Growing in a damp corner beside a river. Leaves staggered on long thin branches.
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Sorry - mine was in error
This presumably is a case where an indication of scale would have helped.
I will do some measuring and edit in due course, will measurements of the leaves be sufficieht?
The oblique bases to the leaves should be enough to identify it as Ulmus (or Tilia, but that has palmate venation), but if a leaf size (about 3 inches long?) had been mentioned an identification as Betula pubescens (leaves about 1 inch long), presumably from the shape, texture and toothing, wouldn't have been made.
These leaves are 2-3 inches in size. I do remember years ago noting that the above configuration of leaves on a twig (assymetrical) was a feature of elm. Thanks again for your help.
According to Stace p. 281 the ratio of leaf length to width would help to distinguish the two taxa mentioned above. Not sure from these pictures because top left look longer than wide and bottom right do not. Maybe the angle?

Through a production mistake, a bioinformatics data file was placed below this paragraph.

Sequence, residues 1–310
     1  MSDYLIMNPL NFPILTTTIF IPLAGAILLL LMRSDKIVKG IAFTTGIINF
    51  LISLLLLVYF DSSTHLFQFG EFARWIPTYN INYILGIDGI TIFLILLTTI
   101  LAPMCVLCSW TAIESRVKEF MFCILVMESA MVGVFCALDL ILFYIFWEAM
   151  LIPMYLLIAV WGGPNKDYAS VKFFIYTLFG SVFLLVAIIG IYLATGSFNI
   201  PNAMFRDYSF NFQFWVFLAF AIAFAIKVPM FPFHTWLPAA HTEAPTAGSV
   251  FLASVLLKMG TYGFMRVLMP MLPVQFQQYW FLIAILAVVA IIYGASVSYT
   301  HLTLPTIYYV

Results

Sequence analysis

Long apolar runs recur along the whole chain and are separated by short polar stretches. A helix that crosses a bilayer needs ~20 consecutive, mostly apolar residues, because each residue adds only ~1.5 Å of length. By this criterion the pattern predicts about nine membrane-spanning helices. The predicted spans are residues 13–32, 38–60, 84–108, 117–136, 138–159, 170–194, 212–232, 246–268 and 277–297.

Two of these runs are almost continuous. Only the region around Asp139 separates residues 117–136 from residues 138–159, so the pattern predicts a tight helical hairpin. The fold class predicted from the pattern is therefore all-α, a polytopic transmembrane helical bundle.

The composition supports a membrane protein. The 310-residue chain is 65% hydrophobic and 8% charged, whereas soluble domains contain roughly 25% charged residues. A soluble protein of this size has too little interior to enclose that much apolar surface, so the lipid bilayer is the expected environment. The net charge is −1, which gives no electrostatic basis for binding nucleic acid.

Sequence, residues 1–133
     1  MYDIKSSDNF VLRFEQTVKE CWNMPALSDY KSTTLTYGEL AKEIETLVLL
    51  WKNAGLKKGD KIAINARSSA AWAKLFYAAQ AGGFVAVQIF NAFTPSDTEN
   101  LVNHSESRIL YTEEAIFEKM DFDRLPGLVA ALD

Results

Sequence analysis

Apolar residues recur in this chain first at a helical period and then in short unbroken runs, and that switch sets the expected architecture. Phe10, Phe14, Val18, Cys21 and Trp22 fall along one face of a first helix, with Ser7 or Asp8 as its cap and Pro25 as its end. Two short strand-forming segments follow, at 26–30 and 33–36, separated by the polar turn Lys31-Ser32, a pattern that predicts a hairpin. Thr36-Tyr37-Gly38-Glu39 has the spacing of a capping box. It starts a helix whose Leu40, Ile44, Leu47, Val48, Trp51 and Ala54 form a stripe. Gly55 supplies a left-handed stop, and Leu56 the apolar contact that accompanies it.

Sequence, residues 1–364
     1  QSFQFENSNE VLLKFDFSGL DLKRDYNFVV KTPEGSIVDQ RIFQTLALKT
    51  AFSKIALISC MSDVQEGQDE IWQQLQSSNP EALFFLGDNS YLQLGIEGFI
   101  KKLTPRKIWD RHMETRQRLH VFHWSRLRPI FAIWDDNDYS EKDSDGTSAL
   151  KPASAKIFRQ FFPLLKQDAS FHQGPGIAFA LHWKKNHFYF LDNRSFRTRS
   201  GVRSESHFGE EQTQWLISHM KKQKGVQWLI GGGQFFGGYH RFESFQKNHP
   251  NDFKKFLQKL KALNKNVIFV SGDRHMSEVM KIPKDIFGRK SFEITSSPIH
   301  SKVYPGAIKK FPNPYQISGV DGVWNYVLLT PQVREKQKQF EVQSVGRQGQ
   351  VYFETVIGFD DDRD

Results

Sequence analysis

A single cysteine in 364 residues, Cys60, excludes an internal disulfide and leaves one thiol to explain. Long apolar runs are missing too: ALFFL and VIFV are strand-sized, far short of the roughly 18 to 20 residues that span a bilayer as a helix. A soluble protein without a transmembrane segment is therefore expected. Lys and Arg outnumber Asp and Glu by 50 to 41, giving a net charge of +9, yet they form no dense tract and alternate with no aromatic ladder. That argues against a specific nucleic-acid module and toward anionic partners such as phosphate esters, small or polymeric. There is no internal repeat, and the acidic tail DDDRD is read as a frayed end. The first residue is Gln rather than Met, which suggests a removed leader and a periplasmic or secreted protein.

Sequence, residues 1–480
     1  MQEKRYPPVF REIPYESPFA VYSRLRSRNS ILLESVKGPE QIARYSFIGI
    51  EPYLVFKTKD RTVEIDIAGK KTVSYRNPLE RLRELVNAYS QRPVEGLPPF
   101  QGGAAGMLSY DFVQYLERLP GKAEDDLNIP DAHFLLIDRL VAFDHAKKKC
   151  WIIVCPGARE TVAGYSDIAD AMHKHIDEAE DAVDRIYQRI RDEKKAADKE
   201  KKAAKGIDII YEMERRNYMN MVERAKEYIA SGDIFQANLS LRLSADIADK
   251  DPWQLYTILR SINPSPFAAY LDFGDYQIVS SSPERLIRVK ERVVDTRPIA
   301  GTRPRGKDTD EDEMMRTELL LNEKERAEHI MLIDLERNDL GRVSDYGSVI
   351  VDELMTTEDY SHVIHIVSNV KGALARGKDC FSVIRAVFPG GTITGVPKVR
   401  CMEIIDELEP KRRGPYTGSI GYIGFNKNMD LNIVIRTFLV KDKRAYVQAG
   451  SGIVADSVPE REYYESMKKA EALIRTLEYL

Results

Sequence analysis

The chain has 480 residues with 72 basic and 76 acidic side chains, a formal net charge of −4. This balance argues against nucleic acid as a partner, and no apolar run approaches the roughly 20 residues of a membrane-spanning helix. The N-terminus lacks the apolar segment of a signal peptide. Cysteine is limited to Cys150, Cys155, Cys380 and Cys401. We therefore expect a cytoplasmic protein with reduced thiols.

I will be back at that spot in the near future as I am looking for a particular caterpillar and I will do some measuring and sampling. I found a really good Early Thorn caterpillar on this Elm.
Yeah its the angle in the first pic, the twig was drooping vertically but the leaves were trying to be horizontal.
I don't think that it is Huntingdon's Elm as my book says that the first vein on the short side of the leaf should be exposed.
The number of pairs of secondary veins does seem to match Dutch Elm (9-14 pairs) fide Poland, rather than Huntingdon Elm (12-18 pairs). Poland also says that some twigs of Dutch Elm are corky-winged.
What does it mean to say "the first vein on the short side of the leaf should be exposed"?
It's not Ulmus glabra ssp. glabra; I don't think it's ssp. montana, but considering the location that would be a possibility.
What is the significance of ssp.montana in this case Lavateraguy? I would get some good daylight pics but I would need a water proof camera today!
is a form of Ulmus glabra commoner in the north and west, which has narrower leaves that ssp. glabra. Someone (like me) only familar with ssp. glabra might not recognise ssp. montana as being Ulmus glabra and misidentify it as one of the hybrids.
What it means is that the bottom part of the leaf on that side is composed of vein material rather that the green leaf part. i.e. there is no green part below the last vein.
Lat/Lng: 55.0828, -6.06
OS grid ref: NW409840